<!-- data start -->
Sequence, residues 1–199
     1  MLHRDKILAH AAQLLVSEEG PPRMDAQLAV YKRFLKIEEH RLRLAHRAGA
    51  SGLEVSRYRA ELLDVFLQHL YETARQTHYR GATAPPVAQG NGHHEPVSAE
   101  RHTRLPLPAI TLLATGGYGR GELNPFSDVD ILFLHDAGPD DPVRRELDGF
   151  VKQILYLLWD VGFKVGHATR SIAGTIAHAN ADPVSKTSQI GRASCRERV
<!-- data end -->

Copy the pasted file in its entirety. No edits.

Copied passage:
Sequence, residues 1–199
     1  MLHRDKILAH AAQLLVSEEG PPRMDAQLAV YKRFLKIEEH RLRLAHRAGA
    51  SGLEVSRYRA ELLDVFLQHL YETARQTHYR GATAPPVAQG NGHHEPVSAE
   101  RHTRLPLPAI TLLATGGYGR GELNPFSDVD ILFLHDAGPD DPVRRELDGF
   151  VKQILYLLWD VGFKVGHATR SIAGTIAHAN ADPVSKTSQI GRASCRERV